FROM THE NEWS SERVICE OF FLORIDA
By JIM TURNER
THE CAPITAL, TALLAHASSEE, April 29, 2015………. The Florida Senate approved its version of a water-policy bill Wednesday with the hope some of the issues will be considered when lawmakers get back together for a special session.
The overall bill is a casualty of a budget impasse that has short-circuited the legislative session. Still, the Senate voted 39-1 to support the measure (HB 7003) with the inclusion of two provisions — a pedestrian trail network and an oversight council to rate potential water projects — that have been opposed by the House.
The changes won’t be heard by the House, which abruptly adjourned Tuesday, three days before the scheduled end of the legislative session.
Senate President Andy Gardiner, R-Orlando repeatedly called the measure a “very, very good bill” that is the product of two years of work by the Senate.
“There are people that don’t want us to track every nickel that is being spent in Amendment 1,” Gardiner said before the vote. “The oversight commission that you put in here is a very important piece of this puzzle. Unfortunately our friends … across the hall aren’t even around to even have the debate and the discussion.”
Amendment 1, a ballot initiative that was supported by 75 percent of voters in November, requires 33 percent of the proceeds from a real-estate tax to go for land and water maintenance and acquisition.
Lawmakers will have to return to Tallahassee for a special session to pass a budget before the July 1 start of the fiscal year. Sen. Joe Negron, R-Stuart, and Sen. Rob Bradley, R-Fleming Island, said the Senate should propose $40 million to $45 million, which can be bonded to raise $500 million, for land purchases as part of Amendment 1.
“I think the voters want a robust commitment to environmental land purchases,” Negron said.
Amendment 1 is projected to generate more than $200 million for land and water projects above what lawmakers allocated for such uses in the current year. But to the disappointment of backers of the amendment, little has been proposed for next fiscal year to go into the Florida Forever program for land acquisition.
“Florida’s population is growing again. Our one-of-kind natural resources are coming under immense development pressure,” Will Abberger, who helped lead efforts to pass Amendment 1, said in a prepared statement. “Legislators need to finish the job of protecting these key tracts before they are lost forever. The best way to do that is by funding Florida Forever.”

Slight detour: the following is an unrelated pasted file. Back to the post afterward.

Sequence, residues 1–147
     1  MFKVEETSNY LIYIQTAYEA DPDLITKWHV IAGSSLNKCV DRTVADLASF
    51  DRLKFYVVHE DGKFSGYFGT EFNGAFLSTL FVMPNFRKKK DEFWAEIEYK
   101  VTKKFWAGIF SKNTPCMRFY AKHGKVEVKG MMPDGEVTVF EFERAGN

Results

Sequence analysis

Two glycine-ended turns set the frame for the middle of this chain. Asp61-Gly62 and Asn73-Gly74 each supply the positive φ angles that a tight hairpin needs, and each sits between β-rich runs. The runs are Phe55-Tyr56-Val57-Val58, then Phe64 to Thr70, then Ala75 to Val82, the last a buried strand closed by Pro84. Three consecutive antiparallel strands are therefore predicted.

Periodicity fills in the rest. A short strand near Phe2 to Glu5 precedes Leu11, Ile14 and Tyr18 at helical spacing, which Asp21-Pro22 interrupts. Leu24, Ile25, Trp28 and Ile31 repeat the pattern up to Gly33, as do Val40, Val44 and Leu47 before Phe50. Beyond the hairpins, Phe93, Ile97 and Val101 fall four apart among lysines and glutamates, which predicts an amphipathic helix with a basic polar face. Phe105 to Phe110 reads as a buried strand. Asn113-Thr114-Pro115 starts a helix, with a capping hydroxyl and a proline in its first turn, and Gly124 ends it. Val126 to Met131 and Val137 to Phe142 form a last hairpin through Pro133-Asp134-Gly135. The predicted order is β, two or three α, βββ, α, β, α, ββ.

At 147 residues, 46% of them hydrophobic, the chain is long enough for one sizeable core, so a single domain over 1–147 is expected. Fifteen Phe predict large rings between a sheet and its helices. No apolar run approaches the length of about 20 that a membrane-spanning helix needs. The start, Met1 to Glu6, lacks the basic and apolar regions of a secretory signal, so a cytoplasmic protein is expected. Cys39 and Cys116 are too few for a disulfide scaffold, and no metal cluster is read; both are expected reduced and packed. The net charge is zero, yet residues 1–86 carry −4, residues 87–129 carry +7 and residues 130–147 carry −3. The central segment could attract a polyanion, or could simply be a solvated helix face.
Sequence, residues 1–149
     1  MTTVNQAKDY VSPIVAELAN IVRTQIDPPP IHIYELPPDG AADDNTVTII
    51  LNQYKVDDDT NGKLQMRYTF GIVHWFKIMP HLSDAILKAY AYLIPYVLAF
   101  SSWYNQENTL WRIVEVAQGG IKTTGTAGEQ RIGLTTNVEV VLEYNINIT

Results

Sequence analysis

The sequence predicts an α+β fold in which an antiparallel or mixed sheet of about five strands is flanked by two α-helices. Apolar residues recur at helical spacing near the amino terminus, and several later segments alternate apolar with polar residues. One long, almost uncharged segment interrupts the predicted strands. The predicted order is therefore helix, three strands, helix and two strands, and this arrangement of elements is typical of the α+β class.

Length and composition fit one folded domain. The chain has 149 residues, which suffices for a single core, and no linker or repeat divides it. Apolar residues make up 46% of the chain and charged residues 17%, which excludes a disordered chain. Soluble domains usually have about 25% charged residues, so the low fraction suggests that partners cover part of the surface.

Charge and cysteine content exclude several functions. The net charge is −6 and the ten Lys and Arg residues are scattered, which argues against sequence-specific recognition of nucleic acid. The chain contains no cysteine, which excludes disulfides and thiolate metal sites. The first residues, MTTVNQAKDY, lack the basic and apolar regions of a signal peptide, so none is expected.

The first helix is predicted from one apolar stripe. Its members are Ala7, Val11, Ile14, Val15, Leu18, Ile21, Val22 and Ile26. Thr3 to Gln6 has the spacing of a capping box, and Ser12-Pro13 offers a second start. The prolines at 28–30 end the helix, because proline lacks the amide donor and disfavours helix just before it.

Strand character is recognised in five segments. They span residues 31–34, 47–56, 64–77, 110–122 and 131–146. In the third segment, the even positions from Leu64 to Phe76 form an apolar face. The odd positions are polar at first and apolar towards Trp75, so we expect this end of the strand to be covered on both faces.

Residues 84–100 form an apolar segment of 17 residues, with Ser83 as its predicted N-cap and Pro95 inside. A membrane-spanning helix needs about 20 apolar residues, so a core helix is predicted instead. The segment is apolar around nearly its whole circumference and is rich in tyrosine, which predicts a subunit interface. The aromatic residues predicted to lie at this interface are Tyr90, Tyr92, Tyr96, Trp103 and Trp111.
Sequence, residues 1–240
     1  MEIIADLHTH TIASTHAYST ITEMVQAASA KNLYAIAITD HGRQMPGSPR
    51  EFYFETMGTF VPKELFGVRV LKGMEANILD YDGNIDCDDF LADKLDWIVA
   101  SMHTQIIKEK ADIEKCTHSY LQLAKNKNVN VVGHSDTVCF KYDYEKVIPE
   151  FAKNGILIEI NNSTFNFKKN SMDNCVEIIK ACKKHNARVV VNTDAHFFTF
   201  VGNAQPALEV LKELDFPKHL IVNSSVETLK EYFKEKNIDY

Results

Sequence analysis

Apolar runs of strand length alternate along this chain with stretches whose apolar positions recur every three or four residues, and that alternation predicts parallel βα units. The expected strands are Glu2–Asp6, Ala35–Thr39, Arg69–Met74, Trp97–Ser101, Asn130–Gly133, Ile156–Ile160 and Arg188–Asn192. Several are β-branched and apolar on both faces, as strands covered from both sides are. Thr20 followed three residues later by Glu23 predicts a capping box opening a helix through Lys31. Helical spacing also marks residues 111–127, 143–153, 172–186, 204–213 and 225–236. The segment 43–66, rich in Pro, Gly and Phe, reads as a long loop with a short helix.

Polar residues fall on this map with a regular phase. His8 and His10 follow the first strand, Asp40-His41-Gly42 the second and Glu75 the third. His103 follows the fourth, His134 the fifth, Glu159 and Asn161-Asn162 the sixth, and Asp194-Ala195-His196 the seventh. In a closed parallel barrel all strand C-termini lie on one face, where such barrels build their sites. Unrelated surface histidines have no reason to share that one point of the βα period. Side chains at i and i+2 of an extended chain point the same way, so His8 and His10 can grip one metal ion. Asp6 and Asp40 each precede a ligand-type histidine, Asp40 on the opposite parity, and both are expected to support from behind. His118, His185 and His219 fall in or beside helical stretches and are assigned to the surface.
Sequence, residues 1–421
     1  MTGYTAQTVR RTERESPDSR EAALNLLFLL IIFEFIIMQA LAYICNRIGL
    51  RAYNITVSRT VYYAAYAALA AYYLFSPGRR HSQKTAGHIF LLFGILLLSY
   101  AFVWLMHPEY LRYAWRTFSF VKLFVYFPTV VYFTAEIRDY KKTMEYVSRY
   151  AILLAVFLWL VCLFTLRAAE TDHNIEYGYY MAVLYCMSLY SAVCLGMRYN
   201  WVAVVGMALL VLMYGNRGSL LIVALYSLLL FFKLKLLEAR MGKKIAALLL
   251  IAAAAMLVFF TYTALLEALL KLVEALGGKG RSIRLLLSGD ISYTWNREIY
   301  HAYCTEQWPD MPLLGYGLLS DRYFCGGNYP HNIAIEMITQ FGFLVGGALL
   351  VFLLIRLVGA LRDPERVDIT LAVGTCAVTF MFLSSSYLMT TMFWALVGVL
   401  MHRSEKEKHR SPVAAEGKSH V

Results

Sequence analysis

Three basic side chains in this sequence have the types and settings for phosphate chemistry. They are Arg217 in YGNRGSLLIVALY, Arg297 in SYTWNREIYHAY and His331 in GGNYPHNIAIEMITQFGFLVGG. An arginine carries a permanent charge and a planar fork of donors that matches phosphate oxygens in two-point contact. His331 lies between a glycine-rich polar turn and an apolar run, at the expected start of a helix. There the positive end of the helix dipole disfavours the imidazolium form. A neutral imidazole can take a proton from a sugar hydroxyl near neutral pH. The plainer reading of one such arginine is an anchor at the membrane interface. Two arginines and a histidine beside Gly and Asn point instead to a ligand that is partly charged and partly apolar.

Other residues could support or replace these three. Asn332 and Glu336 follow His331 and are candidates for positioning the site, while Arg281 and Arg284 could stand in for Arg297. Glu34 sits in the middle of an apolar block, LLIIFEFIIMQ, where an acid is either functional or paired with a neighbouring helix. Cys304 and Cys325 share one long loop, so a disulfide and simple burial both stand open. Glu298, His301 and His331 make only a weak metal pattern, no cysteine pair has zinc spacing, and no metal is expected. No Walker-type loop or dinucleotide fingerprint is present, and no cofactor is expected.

Negron would like additional money for water storage to reduce releases now going from the lake into the St. Lucie and Caloosahatchee estuaries.
Negron voted against the bill Wednesday, saying later that the measure is a “diminishment of the permitting process” for water entering Lake Okeechobee.
Bradley said the state also needs to look at water-supply needs in other parts of the state.
“I want to remind the body that up in our area of the state we have a lot of springs where land purchases are going to be a part of the overall strategy in making sure those can be preserved for all time,” the North Florida senator said.
With an eye on a potential purchase of U.S. Sugar Corp. land in the Everglades south of Lake Okeechobee, Sen. Darren Soto, D-Orlando, proposed — and then withdrew — an amendment Wednesday that would have required the South Florida Water Management District to identify areas within the Everglades Agricultural Area for a pilot reservoir project.
Few lawmakers have expressed interest in completing the estimated $350 million to $700 million purchase by Oct. 12, as required in a 2010 deal that U.S. Sugar signed with the state.
Sen. Charlie Dean, an Inverness Republican who sponsored the water bill, said Soto’s proposal needs more time to be debated and will be worked on next year.
The Senate bill included provisions for the creation of SunTrail, a pedestrian and bicycle network that is backed by Gardiner, and a water-resources advisory council to rate potential water projects.
Despite the differences between the House and Senate, the H2O Coalition, led by the business advocacy group Associated Industry of Florida, vowed to continue working to implement water-policy changes.
“This session’s outcome does not lessen Florida’s need for a broader water policy that allows our state to better manage its water supply,” Brewster Bevis, senior vice president of Associated Industries of Florida, said in a release. “We remain as committed as ever in advocating for a comprehensive water policy based on sound science that considers the needs of every region of our state.”
Audubon Florida commended Negron for voting against the water bill and said the Senate proposal doesn’t address the “water crisis” in South Florida.
“The Senate’s water bill is missing the part about fixing the polluted water pouring from Lake Okeechobee into coastal areas,” said Audubon Executive Director Eric Draper. “Until that problem is fixed, the bill is incomplete. We hope that the House and Senate on their return will take up and pass a measure to require projects to treat and store water from the lake and stop the damage to our coastal waters.”